Abe's big election win bolsters Japanese markets

Japan's ruling block led by Prime Minister Shinzo Abe's Liberal Democratic Party (LDP) scored a resounding victory in Sunday's election to the lower house, giving a fresh boost to Abe's plans to reenergise Japanese economy and lead the country out of its pacifist disposition.

 
Prime Minister Shinzo Abe  

In July 2016, Abe's ruling coalition won a landslide victory in the election for parliament's upper house, notwithstanding concerns about his economic policies and plans to revisit the nation's post-war pacifist constitution for the first time. (See: Abe, allies win thumping majority in Japan upper house).

Japanese markets greeted Abe's big win with huge gains across major stocks, buoyed by the chances of Abe continuing his easy-money policy. Shares also gained from a weaker yen as an election win for Shinzo Abe's ruling bloc gave a green light for more policy stimulus.

The Nikkei share index raced up 1 per cent to its highest since 1996.

Morgan Stanley Capital International's (MSCI) broadest index of Asia-Pacific shares outside Japan held steady, while Singapore's main index reached its highest in over two years.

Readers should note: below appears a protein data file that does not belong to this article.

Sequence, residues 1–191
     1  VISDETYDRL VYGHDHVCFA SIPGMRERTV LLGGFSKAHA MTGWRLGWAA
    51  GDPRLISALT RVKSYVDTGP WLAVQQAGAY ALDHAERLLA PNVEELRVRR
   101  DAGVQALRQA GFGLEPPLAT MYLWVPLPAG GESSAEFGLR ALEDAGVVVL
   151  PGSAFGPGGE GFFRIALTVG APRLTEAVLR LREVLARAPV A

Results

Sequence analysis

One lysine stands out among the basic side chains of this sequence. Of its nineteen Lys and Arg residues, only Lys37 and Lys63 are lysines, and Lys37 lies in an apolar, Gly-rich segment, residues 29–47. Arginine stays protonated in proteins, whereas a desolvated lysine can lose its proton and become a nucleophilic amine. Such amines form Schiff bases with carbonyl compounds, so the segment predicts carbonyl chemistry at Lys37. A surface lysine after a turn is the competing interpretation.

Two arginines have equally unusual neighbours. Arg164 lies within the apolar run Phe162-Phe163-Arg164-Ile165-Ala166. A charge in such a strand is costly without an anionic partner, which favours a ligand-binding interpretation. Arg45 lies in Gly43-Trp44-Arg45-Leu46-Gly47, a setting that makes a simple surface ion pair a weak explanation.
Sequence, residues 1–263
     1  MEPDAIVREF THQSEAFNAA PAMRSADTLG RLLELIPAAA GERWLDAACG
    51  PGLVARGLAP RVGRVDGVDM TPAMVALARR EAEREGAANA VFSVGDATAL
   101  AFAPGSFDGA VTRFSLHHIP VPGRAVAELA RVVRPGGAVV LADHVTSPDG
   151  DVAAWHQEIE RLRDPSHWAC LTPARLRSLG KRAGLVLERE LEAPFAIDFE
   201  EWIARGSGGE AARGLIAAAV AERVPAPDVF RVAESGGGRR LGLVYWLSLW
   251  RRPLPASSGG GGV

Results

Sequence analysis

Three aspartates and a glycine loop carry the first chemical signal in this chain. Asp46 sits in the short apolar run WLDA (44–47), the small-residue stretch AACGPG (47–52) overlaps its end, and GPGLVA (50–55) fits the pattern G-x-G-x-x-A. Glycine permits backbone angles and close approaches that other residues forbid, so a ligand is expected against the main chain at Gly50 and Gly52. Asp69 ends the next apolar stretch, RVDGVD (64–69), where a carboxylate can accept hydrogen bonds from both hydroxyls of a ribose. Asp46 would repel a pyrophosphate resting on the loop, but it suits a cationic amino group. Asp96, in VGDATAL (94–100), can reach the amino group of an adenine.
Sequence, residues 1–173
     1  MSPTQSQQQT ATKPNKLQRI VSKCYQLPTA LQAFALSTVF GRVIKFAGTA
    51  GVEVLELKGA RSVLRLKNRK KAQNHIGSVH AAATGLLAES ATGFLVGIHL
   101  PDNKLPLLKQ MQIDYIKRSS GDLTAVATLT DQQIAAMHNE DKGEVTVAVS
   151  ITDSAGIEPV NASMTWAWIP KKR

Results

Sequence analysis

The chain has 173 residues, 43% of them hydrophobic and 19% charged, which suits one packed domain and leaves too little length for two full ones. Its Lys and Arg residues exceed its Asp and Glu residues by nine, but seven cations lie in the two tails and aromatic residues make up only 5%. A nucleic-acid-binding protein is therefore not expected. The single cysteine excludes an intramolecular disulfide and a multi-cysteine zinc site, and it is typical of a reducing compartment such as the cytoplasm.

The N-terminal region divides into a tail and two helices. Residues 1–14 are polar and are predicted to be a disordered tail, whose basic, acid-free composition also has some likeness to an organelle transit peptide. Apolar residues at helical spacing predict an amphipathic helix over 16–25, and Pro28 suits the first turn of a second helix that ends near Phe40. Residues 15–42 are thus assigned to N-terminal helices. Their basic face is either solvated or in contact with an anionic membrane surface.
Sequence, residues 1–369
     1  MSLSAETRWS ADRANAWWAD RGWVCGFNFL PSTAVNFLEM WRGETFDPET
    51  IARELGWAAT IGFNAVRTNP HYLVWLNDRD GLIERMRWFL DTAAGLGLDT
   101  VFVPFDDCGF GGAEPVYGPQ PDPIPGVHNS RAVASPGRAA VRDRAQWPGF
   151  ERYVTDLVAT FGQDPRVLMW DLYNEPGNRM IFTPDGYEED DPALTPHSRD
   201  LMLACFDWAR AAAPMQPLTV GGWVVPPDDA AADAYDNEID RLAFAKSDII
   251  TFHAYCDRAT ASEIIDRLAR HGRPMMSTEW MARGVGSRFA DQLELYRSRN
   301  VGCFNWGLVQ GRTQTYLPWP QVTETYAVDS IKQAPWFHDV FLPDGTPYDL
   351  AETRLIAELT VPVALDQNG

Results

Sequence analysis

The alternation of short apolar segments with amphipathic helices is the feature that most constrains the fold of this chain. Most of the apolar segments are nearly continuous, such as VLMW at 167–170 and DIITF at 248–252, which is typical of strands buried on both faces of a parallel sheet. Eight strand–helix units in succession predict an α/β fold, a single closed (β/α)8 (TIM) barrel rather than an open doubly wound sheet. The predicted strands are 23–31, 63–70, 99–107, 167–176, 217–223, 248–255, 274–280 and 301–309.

The yen slipped against the euro, which in turn was hammered by the Spanish government's move to end Catalans leadership's sesessionist activities.

The US dollar rose 0.2 per cent to 113.74 yen and briefly touched its highest since mid-July at 114.09 while the dollar edged up0.1 per cent against a basket of currencies.

The LDP-led coalition won a combined 312 seats, keeping its two-thirds ''super majority'' in the 465-member lower house, local media reported.

Abe who assumed office in December 2012, now looks set to secure a third three-year term as LDP leader next September and go on to become Japan's longest-serving premier.

While the US-drafted constitution's Article 9 still prevents Japan from maintaining armed forces, Japanese governments have diluted it to allow a military exclusively for self-defence.

While many back Abe's proposal to clarify the military's ambiguous status and assign a role, others fear that a move out of status quo would allow an expanded role overseas for the military.

Appearing on a TV programme on Sunday, Abe said, "We are not thinking about initiating (an amendment proposal) just among the ruling coalition. We want to enter into discussions with other parties, including the Hope party."

The LDP's fifth straight victory since Abe began his second stint as prime minister in in 2016 clears the way for him to seek a third term as party president in autumn 2018.

A special Diet session will be convened on Nov. 1 at which Abe will again be voted in as prime minister. He is expected to retain all Cabinet ministers he named in a reshuffle in early August.